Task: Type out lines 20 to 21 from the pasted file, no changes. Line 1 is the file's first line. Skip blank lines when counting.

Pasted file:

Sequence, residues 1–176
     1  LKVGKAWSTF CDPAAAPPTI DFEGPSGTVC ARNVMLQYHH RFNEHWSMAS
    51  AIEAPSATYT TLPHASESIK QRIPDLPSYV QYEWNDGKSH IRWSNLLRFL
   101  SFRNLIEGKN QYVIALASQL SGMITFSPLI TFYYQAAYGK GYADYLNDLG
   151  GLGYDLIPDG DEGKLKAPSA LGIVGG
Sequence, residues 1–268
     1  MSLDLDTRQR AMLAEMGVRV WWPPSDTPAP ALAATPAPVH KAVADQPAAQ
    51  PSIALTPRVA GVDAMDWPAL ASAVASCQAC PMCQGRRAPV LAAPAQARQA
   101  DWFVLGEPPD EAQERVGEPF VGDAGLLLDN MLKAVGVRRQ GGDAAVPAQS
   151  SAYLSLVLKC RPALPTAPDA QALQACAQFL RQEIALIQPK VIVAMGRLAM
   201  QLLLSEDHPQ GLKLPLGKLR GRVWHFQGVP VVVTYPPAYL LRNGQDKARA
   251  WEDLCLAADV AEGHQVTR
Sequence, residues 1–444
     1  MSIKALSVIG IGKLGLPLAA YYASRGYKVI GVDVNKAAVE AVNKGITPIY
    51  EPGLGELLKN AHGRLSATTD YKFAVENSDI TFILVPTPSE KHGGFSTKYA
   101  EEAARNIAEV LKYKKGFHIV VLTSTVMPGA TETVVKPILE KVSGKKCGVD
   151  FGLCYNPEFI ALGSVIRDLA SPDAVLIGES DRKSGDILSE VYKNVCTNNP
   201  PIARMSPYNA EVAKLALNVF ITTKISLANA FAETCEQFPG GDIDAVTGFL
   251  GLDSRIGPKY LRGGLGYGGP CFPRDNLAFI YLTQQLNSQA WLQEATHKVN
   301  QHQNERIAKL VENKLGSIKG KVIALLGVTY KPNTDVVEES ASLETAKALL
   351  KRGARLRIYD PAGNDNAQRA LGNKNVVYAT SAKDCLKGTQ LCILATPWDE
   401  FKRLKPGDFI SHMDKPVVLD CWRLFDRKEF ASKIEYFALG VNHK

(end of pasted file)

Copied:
   301  QHQNERIAKL VENKLGSIKG KVIALLGVTY KPNTDVVEES ASLETAKALL
   351  KRGARLRIYD PAGNDNAQRA LGNKNVVYAT SAKDCLKGTQ LCILATPWDE